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State Dept. Urged to Shut Saudi School in Fairfax

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By Jacqueline L. Salmon and Valerie Strauss
Washington Post Staff Writers
Friday, October 19, 2007

A federal panel yesterday urged the State Department to shut down a Saudi government-supported private school in Northern Virginia unless it can prove it is not teaching religious intolerance.

In a report released yesterday, the U.S. Commission on International Religious Freedom criticized what it called the promotion of religious extremism in Saudi-run schools around the world, including in the kingdom. It leveled particular criticism at the Islamic Saudi Academy, which operates two campuses in Fairfax County, expressing "significant concerns" that the school is promoting a brand of religious intolerance that could prove a danger to the United States.

The commission does not specifically criticize the school's teaching materials; it said Saudi officials would not make them available. But it said it is concerned about the textbooks used in the school because those used by schools in Saudi Arabia promote violence against Christians, Jews, Shias and polytheists.

The panel's recommendations prompted a sharp response from school administrators and a Saudi government representative yesterday. They angrily denied that they are teaching radical Islam and said that the commission never asked to speak with any school staff members and never asked to see any materials.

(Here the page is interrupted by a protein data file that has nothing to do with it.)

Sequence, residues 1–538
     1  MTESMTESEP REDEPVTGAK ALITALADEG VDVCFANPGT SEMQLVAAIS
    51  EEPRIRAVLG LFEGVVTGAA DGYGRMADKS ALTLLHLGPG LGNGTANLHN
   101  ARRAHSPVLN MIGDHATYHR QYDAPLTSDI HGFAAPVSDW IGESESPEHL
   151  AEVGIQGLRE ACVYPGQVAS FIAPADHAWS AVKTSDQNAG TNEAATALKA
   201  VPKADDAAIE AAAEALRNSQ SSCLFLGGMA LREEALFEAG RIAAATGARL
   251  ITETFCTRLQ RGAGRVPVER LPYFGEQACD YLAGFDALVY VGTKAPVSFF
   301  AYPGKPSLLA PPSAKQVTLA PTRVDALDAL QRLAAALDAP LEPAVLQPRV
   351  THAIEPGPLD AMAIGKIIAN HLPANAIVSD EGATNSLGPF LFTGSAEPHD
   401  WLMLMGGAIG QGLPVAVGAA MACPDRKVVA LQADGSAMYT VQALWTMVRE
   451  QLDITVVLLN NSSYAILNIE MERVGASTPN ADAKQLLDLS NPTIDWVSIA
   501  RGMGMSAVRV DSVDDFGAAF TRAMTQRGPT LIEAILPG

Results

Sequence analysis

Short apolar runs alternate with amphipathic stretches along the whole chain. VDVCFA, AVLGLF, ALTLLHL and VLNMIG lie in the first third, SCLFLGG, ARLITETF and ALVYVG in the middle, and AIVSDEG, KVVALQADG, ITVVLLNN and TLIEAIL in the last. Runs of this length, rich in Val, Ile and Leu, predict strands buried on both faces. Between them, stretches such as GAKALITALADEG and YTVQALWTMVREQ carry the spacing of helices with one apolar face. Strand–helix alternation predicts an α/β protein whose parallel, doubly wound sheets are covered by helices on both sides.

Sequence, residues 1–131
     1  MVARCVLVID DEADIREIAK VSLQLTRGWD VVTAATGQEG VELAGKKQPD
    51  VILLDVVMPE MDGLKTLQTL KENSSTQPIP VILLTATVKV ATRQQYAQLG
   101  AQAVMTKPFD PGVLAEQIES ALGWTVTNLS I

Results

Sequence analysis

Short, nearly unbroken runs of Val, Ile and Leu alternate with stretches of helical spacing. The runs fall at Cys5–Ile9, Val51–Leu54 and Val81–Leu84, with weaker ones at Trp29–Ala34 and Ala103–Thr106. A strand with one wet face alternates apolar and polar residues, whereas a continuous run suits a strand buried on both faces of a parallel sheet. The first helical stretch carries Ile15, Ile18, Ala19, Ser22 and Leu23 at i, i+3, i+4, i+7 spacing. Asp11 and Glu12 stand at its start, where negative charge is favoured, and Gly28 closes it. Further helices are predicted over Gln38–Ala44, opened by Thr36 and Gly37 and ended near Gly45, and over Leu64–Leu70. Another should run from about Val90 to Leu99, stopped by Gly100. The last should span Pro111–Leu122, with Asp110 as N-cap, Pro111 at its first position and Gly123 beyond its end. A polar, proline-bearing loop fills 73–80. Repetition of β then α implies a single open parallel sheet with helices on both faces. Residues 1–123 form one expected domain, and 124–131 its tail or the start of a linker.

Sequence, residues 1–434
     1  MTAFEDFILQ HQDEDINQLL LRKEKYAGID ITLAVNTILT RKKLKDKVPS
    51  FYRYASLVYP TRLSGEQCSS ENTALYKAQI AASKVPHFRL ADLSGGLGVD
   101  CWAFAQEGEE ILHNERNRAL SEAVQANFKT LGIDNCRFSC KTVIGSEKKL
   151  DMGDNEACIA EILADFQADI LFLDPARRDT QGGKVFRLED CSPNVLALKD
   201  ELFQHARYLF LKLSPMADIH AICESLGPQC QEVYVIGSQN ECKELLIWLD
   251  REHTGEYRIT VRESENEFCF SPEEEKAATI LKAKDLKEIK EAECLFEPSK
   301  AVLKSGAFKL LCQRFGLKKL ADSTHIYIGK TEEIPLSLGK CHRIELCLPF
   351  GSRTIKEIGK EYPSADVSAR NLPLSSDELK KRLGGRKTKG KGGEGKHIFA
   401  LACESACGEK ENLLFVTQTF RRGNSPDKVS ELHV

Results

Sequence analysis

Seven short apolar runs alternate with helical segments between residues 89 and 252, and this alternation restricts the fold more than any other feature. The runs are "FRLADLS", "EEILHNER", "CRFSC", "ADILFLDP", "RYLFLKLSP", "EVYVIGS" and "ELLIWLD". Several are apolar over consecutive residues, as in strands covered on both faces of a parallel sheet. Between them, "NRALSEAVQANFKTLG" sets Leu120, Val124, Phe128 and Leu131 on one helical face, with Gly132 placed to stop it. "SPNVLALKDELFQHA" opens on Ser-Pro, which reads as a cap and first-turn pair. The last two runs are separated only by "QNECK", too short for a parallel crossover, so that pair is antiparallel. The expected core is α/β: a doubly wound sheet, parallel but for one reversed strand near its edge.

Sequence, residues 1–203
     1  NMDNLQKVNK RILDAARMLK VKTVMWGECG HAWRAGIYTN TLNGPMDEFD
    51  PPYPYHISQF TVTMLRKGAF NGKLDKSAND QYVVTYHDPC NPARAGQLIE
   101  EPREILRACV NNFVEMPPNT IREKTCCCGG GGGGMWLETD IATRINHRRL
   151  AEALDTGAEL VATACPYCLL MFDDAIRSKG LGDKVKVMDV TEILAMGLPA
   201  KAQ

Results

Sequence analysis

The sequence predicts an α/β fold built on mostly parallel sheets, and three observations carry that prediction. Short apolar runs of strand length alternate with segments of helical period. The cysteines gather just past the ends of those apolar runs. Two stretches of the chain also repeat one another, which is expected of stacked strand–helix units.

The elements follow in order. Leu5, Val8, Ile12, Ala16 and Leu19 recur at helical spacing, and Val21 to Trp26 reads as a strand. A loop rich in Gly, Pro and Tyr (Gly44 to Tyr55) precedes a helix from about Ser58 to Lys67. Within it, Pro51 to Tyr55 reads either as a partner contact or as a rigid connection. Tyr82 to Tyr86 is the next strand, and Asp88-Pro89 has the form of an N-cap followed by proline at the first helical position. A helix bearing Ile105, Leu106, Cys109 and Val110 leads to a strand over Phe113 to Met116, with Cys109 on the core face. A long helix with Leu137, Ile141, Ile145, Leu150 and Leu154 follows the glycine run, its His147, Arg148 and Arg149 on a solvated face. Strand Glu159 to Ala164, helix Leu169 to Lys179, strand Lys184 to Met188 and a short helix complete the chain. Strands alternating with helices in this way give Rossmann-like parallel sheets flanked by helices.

"I think they went to Saudi Arabia and saw some curriculum there and thought we are teaching the same curriculum," said Acting Director-General Abdulrahman Alghofaili, who also is principal of the boys' high school. "And the fact is that we are teaching another curriculum. We are teaching an American curriculum."

Panel members said they attempted to get access to the school's textbooks and curriculum through the Saudi government but were unsuccessful.

"We've made every effort to get this information," commission member Felice D. Gaer said.

As evidence of the type of material it believes is being taught at the school, it cited a 2006 analysis of Saudi textbooks by the Center for Religious Freedom and Institute for Gulf Affairs. One ninth-grade textbook taught teenagers that violence toward Jews, Christians and others is sanctioned by God. A 12th-grade textbook, the 2006 report says, reads "the hour [of judgment] will not come until the Muslims fight the Jews and kill them."

But Alghofaili said that school officials revised their curriculum last summer, eliminating material considered controversial in the United States.

Administrators took textbooks sent from Saudi Arabia, ripped out pages deemed inappropriate and in some cases added material, said Alghofaili and David Kovalik, the education director who was involved in the curriculum changes.

John Whitehead, founder of the Charlottesville-based Rutherford Institute, which focuses on religious freedom cases, said he is skeptical of the U.S. government judging the intent and content of a religious school's curriculum.

"This is real troublesome stuff," he said. "Religion has a history of saying intolerant things. That's why they're protected."


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